In one example, expert system 135 provides data to optimize patient management based on the data provided by data sources 90. For example, if expert system 135 determines that the patient has had renal failure, then an output provided by expert system 135 and generated on the basis of information provided by data sources 90, may provide guidance for selecting between prescribing diuretics or providing dialysis.
The inference generated by expert system 135, in one example, evolves over time with the accumulation of additional data in the knowledge base. For example, rules and knowledge implemented by expert system 135 may be modified over time and thus, it can be described as capable of learning. A Bayesian network, for example, is capable of learning as the relationship between selected nodes evolves.
In one example, inferences generated by expert system 135 evolve over time based on performance history with a particular patient. For example, predetermined weighting factors are used with certain input signals (which may differ from another patient) and after a period of time, (days, weeks and months in various examples) during which the system is learning, the parameters stabilize and the confidence level for an inference is improved.
In one example, expert system 135 yields an improved calculation of posterior probability based on experience. Pursuant to Bayesian probability theory, the posterior probability is the probability of some event occurring after empirical data, derived from data sources 90 and prior probabilities have been considered.
Expert system 135 receives rules to implement the expert system. The rules may be received in the form of operating parameters or the system may acquire rules over a period of time.
In one example, expert system 135 is configured to learn based on history with existing sensors and also learn with the addition of data from new sensors, such as, for example a vibration sensor. In one example, the addition of a new sensor causes expert system 135 (including an adaptive tree structure) to refine the importance associated with the various inputs and adaptively change the way the inputs relate to each other in the network. In one example, expert system 135 is configured to identify a trend based on sensor data. In one example, expert system 135 identifies a trend from individual sensor data and provides feedback that is used to update the knowledge base for a particular population. For example, if a correlation is noted as between spirometer data and a minute ventilation signal for a particular patient (or a group of patients), then data corresponding to that correlation is propagated to other patients or groups of patients. The propagated data is stored in the knowledge base. In one example, the knowledge base for a population is developed or grown by receiving feedback based on sensor data and analysis from particular patients. In one example, the knowledge base is developed and grown by receiving feedback from specific sensor devices based on a specific population.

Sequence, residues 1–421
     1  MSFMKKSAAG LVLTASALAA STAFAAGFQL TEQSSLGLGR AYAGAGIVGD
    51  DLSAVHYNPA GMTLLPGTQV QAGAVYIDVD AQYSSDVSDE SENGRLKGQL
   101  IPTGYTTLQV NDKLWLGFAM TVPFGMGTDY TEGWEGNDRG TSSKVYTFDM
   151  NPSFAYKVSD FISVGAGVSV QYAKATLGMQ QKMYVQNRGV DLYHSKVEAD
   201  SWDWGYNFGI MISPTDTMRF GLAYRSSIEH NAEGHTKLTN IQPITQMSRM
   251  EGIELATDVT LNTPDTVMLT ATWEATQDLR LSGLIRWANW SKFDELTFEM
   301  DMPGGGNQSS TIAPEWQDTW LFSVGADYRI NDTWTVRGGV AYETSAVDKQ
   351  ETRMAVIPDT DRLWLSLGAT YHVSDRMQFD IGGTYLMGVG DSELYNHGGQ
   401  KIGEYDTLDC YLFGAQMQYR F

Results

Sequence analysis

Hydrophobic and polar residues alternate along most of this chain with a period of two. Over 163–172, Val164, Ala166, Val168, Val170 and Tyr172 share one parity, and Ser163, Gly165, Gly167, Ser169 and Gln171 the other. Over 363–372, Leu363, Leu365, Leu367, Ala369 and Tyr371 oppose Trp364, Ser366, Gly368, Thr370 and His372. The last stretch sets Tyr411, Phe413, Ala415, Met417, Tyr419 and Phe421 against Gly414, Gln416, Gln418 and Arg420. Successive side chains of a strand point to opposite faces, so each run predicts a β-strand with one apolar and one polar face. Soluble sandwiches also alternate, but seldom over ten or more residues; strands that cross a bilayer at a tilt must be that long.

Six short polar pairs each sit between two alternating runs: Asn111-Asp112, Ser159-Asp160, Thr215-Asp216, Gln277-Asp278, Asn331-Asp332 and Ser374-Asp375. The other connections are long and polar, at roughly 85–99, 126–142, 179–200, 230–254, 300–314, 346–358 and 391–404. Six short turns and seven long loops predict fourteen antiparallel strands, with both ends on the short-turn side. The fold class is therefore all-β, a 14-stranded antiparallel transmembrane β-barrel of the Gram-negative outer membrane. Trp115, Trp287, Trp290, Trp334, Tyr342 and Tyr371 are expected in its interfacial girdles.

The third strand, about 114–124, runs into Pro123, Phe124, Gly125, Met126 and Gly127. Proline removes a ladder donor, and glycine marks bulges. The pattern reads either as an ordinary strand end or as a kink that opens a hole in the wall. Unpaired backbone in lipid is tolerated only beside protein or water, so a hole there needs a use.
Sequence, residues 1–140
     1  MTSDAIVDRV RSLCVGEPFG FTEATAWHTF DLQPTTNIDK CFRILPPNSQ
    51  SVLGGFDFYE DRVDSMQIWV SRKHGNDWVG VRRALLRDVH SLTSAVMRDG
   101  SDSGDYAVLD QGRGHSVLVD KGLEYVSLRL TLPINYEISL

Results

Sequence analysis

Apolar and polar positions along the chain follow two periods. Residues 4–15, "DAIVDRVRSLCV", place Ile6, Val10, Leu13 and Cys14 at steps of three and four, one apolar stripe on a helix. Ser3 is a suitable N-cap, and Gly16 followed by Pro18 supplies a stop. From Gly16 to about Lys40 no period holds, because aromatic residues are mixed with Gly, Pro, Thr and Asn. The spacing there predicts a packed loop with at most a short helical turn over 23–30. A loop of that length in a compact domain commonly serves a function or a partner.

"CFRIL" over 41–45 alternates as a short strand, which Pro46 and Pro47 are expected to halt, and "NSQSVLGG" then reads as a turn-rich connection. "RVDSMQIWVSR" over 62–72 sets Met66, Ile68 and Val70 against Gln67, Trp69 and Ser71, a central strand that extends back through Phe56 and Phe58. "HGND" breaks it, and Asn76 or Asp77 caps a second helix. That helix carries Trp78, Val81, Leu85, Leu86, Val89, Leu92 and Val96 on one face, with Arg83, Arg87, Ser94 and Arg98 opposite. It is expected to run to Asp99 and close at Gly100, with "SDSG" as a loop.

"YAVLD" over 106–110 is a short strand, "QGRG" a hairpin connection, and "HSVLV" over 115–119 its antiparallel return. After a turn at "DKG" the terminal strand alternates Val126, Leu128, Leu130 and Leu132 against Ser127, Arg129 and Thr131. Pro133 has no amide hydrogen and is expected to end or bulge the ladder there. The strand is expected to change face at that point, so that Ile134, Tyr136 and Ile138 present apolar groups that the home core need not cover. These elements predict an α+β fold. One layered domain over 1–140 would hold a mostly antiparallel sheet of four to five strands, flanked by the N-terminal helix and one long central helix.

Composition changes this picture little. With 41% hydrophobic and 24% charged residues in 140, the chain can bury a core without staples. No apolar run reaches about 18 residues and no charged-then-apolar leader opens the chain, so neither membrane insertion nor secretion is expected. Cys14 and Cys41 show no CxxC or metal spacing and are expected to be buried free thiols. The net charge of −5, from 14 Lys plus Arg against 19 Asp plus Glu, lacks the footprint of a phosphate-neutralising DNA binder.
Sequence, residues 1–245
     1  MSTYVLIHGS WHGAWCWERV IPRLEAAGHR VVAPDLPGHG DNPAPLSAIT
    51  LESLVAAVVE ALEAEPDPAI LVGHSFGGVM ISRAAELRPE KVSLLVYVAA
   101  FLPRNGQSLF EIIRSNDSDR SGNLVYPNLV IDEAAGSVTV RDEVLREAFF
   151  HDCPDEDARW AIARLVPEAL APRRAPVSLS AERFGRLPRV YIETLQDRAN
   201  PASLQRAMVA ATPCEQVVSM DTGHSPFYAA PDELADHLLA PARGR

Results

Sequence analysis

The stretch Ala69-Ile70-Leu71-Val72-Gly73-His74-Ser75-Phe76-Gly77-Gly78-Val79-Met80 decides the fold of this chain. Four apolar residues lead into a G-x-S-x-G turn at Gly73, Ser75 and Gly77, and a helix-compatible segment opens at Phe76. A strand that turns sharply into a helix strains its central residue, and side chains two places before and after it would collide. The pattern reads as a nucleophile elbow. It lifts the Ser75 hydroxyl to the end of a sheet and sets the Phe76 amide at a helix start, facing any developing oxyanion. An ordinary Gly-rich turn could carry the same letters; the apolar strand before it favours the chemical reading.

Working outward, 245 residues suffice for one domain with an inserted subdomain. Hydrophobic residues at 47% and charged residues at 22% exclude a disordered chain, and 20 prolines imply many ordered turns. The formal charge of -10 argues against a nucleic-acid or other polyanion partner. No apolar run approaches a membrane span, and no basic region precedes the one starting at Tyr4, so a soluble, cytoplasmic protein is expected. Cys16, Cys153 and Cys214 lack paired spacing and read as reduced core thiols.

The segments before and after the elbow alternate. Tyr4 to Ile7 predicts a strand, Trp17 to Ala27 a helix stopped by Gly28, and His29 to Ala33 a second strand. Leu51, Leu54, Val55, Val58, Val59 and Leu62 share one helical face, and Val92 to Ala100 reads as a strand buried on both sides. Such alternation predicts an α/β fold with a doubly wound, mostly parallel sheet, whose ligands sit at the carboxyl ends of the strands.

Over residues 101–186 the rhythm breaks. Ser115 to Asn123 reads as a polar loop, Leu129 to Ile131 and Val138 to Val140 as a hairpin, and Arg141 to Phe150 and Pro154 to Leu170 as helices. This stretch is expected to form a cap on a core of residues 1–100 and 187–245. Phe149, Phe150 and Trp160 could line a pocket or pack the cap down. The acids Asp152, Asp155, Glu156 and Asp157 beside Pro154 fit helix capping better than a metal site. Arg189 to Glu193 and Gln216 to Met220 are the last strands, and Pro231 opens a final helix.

Consider an example including a bathroom scale and a blood pressure cuff as data sources 90. The data from the scale and the cuff are each weighted (with a probability or other factor) and combined in a particular manner. In this example, the blood pressure data is given more weight (0.8% probability) in detecting deterioration of a particular condition and the bathroom scale is given less significance (0.2% probability) in part, because the patient is known to have renal insufficiency. The weighting is applied by expert system 135 based on programming and learning. The data is weighted to specifically change those signals to characterize the patient's current state.
Expert system 135 receives the raw data from the bathroom scale and the blood pressure cuff and attributes the appropriate weight (here, probability) to each input. Expert system 135 establishes a hierarchy which, in this example, is based on time or prior history factors. For example, myocardial infarction could result in acute decompensation and thus its weight is elevated for some period of time after having occurred. On the other hand, myocardial infarction could result in remodeling and dilated cardiomyopathy leading to decompensation. Retention of event temporal information allows for updates in decision-tree hierarchy.
The frequency of patient visits to a hospital, clinic or other medical facility, along with their current medication regimen, can serve as an input signal. For example, the frequency of follow-up visits is indicative of the treatment regimen. In particular, if the patient is healthy, then no change in frequency will be noted, but if the patient is not healthy, then part of the treatment regimen may entail more frequent visits. Thus, one example provides that the treatment regimen includes instructing the patient to increase the frequency of visits.